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Newport Commission Retakes Office with Cautious Optimism

The Newport city commission that was sworn in on Monday night for its next two-year term looks identical to the one that served the previous two years.

Unlike its River City neighbors of Covington, Ludlow, Bellevue, and Dayton, all of which saw major shake-ups in the make-up of their governments in last November's election, Newport voters returned all four incumbent city commissioners.

Mayor Jerry Peluso was not on the ballot as he is in the middle of his third four-year term.

After Campbell County Circuit Court Judge Dan Zalla administered the oath of office, accompanied by the usual laughter that is so frequently present during Kentucky's archaic mandate that elected officials swear to have never fought or aided in a duel, the returned commissioners thanked the voters and looked cautiously and optimistically to the future.

"As your commissioner-elect, I remain committed to moving our Newport forward by honoring our shared history and all that makes our city special," said Thomas Guidugli, who has served since 2011. "I look forward to being part of a very strong team that has been a compelling for in this city."

"Newport has been a major part of my life, a major part of my family's life," said Frank Peluso, who has served since 2007 and is a cousin of the mayor. Both Guidugli and Frank Peluso are sons of former Newport mayors. "Look around, look at each other," Peluso instructed the packed crowd at the city building on Monday night. "This is what makes Newport great. When something is needed, the people are there. We're here for you, but more importantly, you're always there for us."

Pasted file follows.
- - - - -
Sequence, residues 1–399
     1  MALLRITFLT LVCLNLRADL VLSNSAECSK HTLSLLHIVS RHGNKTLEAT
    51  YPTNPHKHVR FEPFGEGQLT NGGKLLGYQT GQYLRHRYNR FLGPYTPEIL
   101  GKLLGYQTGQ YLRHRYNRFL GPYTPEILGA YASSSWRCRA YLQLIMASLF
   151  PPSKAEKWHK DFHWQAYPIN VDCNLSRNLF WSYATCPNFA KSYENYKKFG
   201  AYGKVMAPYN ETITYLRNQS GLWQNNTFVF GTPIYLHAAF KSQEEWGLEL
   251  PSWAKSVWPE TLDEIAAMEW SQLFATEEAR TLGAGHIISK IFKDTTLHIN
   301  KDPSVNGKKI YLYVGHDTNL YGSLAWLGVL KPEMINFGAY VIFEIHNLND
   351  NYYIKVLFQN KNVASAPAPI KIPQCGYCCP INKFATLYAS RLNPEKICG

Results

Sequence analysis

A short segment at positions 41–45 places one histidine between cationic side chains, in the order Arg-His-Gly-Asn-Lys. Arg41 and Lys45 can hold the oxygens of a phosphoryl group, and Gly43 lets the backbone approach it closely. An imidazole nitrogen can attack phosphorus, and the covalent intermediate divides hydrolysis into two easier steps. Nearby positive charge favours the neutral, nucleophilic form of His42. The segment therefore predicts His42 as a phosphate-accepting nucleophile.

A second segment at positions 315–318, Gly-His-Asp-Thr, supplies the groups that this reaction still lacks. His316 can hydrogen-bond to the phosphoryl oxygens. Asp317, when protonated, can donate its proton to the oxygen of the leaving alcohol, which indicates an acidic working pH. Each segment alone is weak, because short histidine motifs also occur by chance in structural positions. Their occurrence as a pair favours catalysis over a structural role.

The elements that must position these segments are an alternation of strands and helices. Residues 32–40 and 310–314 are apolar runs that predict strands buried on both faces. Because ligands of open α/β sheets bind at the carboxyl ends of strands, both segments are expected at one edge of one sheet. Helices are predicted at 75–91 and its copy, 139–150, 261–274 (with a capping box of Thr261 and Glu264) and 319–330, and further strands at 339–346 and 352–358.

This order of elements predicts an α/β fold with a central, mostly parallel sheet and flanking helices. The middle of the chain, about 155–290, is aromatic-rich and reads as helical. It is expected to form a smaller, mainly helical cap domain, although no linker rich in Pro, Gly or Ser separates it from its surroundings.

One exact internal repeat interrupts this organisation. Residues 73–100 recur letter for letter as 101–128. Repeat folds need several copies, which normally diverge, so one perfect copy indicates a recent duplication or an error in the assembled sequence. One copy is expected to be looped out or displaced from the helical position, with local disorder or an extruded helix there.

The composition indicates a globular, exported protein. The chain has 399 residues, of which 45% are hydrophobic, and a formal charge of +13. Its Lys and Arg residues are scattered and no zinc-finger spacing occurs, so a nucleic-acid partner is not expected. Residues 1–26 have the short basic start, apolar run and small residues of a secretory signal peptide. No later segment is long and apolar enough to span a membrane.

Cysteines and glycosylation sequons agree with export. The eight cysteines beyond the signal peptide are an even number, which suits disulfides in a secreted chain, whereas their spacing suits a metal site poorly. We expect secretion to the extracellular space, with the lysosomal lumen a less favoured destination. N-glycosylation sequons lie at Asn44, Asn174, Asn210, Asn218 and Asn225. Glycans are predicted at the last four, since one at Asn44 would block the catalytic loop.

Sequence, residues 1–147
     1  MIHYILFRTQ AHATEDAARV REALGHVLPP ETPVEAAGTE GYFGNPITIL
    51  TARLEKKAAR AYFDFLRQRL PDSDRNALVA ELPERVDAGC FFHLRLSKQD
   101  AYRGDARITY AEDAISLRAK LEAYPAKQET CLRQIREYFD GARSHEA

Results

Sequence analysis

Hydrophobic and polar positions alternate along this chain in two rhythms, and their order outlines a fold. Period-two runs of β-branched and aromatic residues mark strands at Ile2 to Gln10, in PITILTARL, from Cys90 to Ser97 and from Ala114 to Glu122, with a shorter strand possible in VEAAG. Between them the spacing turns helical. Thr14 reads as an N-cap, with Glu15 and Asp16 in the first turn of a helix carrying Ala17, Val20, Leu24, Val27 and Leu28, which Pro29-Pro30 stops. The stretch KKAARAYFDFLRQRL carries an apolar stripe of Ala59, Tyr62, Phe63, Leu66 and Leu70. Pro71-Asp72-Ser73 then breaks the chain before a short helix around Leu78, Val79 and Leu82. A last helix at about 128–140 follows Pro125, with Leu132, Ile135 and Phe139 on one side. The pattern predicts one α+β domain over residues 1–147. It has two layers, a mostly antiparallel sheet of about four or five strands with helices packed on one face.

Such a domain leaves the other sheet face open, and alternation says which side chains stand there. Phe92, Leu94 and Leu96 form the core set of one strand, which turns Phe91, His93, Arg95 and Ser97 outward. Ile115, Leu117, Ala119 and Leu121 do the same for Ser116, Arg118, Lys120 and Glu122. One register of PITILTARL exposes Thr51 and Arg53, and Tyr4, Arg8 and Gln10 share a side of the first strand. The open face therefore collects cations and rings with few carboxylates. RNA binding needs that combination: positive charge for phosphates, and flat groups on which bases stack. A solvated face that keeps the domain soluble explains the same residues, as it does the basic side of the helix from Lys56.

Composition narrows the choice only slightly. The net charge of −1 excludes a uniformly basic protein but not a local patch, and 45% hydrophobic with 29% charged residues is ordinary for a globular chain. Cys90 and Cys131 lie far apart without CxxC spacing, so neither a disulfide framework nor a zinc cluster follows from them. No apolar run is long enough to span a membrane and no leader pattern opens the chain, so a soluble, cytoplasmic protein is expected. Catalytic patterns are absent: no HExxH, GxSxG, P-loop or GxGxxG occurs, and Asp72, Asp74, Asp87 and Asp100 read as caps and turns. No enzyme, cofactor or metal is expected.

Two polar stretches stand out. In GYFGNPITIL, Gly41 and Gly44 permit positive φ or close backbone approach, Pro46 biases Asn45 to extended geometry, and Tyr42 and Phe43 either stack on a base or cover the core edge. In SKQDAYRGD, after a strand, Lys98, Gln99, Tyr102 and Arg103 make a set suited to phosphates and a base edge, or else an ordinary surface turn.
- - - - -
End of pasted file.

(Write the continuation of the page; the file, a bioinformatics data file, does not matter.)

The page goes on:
Commissioner Ken Rechtin was sworn in for his second term after first serving in the role from 1992 to 2002 before becoming a Campbell County commissioner from 2003 to 2014.

"I truly love this job and I love doing it on behalf of the citizens of Newport," Rechtin said. "It is said about the election process that it is an individual sport, the election is individual. But once you are elected, it completely changes. It is a team sport suddenly. Over the past two years, I have never worked with a better team. The city commission, the mayor, our wonderful team members, we really work in the spirit of a team."

Commissioner Beth Fennell, first elected in 1992, was absent from Monday's meeting.

The past two years positioned Newport for serious growth with major developments in progress or on the horizon, including riverfront apartments, more apartments in the downtown center, and a $100 million purchase of Newport on the Levee that is expected to be followed by $100 million worth of investment in improvements there.
Unlike some of its surrounding communities, Newport's city government has been without the frequent unpleasant discord that pits elected officials against one another, and instead of voted together on nearly every piece of legislation that has come before it.
However, with Kentucky's pension woes and other costs for local government increasing, Newport leaders also expect challenges ahead.
"2018 was a very successful year, but we still have a lot of challenges moving forward," said longtime city manager Tom Fromme. "We feel that that the board (of commissioners) has exhibited superior leadership over the past several years and we look forward to beginning a new term in '19."
"I think we can all agree that 2017 and 18 were pretty good years for the city," Mayor Jerry Peluso said. "2019-20, they're going to be challenging years, but I think the best is yet to come."
Written by Michael Monks, editor & publisher
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